United States District Court, E.D. Missouri, Eastern Division
MEMORANDUM AND ORDER
STEPHEN R. CLARK UNITED STATES DISTRICT JUDGE.
matter comes before the Court on Plaintiff Allied World
Specialty Insurance Company's Motion to Dismiss
Defendant's Counterclaim . The Court grants the
31, 2018, Plaintiff Allied World Specialty Insurance Company
filed a complaint in this Court seeking a declaratory
judgment that Allied World does not have a duty to defend or
indemnify the City of Ferguson in the “Fee Refund
Lawsuit” filed in the Circuit Court of St. Louis
County. The plaintiffs in the Fee Refund Lawsuit allege
Ferguson “charges a variety of illegal fees designed to
profit the municipality at the expense of the general
welfare.” ECF No. 32, ¶ 12. In its answer to
Allied World's complaint, Ferguson asserted a
counterclaim for vexatious refusal to pay pursuant to
Missouri Revised Statute § 375.420. In response, Allied
World filed the pending motion to dismiss asserting
Ferguson's counterclaim fails to state a claim upon which
relief may be granted.
Federal Rule of Civil Procedure (“FRCP”)
12(b)(6), a party may move to dismiss a claim for
“failure to state a claim upon which relief can be
granted.” The notice pleading standard of FRCP 8(a)(2)
requires a party to give “a short and plain statement
showing that the pleader is entitled to relief.” To
meet this standard and to survive a FRCP 12(b)(6) motion to
dismiss, “a [pleading] must contain sufficient factual
matter, accepted as true, to state a claim to relief that is
plausible on its face.” Ashcroft v. Iqbal, 556
U.S. 662, 678 (2009) (internal quotations and citation
omitted). This requirement of facial plausibility means the
factual content of the party's allegations must
“allow the court to draw the reasonable inference
that the defendant is liable for the misconduct
alleged.” Park Irmat Drug Corp. v. Express Scripts
Holding Co., 911 F.3d 505, 512 (8th Cir. 2018) (quoting
Iqbal, 556 U.S. at 678). The Court must grant all
reasonable inferences in favor of the nonmoving party.
Lustgraaf v. Behrens, 619 F.3d 867, 872-73 (8th Cir.
claim fails to allege one of the elements necessary to
recovery on a legal theory, that claim must be dismissed for
failure to state a claim upon which relief can be granted.
Crest Constr. II, Inc. v. Doe, 660 F.3d 346, 355
(8th Cir. 2011). Threadbare recitals of a cause of action,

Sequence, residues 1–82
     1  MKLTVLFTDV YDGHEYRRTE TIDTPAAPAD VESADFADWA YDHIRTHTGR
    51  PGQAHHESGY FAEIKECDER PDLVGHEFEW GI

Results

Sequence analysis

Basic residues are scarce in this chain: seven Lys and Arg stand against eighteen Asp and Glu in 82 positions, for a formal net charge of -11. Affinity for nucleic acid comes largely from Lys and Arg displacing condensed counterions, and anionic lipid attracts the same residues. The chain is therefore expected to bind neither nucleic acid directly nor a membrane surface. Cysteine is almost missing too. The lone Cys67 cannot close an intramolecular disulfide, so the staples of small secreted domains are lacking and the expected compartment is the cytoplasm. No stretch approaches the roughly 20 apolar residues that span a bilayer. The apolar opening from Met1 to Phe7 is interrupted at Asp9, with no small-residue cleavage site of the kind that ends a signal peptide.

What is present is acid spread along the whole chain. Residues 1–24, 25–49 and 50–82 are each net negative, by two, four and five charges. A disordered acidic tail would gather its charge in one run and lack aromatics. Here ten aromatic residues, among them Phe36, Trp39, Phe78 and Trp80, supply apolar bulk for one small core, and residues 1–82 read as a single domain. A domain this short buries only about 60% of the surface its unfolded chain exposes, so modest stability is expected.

supported by mere conclusory statements, do not suffice.
Iqbal, 556 U.S. at 678; Bell Atlantic v.
Twombly, 550 U.S. 544, 555 (2007). Although courts must
accept all factual allegations as true, courts do not take as
true a legal conclusion couched as a factual allegation.
Twombly, 550 U.S. at 555 (internal quotations and
citation omitted); Iqbal, 556 U.S. at 677-78.
motion to dismiss, Allied World argues Ferguson did not plead
a claim for breach of contract, which is a necessary
predicate to a claim for vexatious refusal to pay. Allied
World also claims Ferguson cannot assert a claim for breach
of contract, even if allowed to amend its pleading.
Additionally, Allied World asserts Ferguson's claim fails
because a claim for vexatious refusal to pay is predicated on
a first-party claim for insurance coverage, not a third-party
claim at issue here. Lastly, Allied World contends Ferguson
cannot assert a claim for bad faith failure to settle because
Ferguson did not allege any damages, a demand for settlement,
or facts as to Allied World's state of mind, all of which
are necessary to establish a claim for bad faith failure to
Predicate Breach of Contract Claim
World argues Ferguson must plead a breach of contract claim
along with a vexatious refusal to pay claim, that a vexatious
refusal to pay claim cannot be a stand-alone claim. Missouri
Revised Statute § 375.420 provides:
In any action against any insurance company to recover the
amount of any loss under a policy of automobile, fire,
cyclone, lightning, life, health, accident, employers'
liability, burglary, theft, embezzlement, fidelity,
indemnity, marine or other insurance except automobile
liability insurance, if it appears from the evidence that
such company has refused to pay such loss without reasonable
cause or excuse, the court or jury may, in addition to the
amount thereof and interest, allow the plaintiff damages not
to exceed twenty percent of the first fifteen hundred dollars
of the loss, and ten percent of the amount of the loss in
excess of fifteen hundred dollars and a reasonable
attorney's fee; and the court shall enter judgment for
the aggregate sum found in the verdict.
statute enhances a breach of contract claim; a plaintiff may
recover what the contract provides, and “the
enhancements provided by the statute.” Overcast v.
Billings Mut. Ins. Co., 11 S.W.3d 62, 68 (Mo. 2000). To
establish a claim for vexatious refusal to pay, Ferguson must
prove: (1) it has an insurance policy with Allied World; (2)
Allied World refused to pay; and (3) Allied World's
refusal was without reasonable cause or excuse. Dhyne v.
State Farm Fire & Cas. Co., 188 S.W.3d 454, 457 (Mo.
2006); see also D.R. Sherry Constr., Ltd. v. Am. Family
Mut. Ins. Co., 316 S.W.3d 899, 907 (Mo. 2010).
plead a claim for vexatious refusal to pay, a party must also
plead a claim for breach of contract. The statute itself
states, “in any action against any insurance company to
recover the amount of any loss under a policy . . .”
Mo. Rev. Stat. § 375.420; see also Aziz v. Allstate
Ins. Co., 875 F.3d 865, 869 (8th Cir. 2017)
(“Under Missouri law, a vexatious refusal is a
derivative of a breach-of-contract claim.”); Thomas
Farms, Ltd. v. Nat'l Union Fire Ins. Co. of
Pittsburgh, No. 1:18CV00196 AGF, 2019 WL 460503 at *3
(E.D. Mo. Feb. 6, 2019) (“[A] claim for vexatious
refusal to pay is necessarily predicated on a ...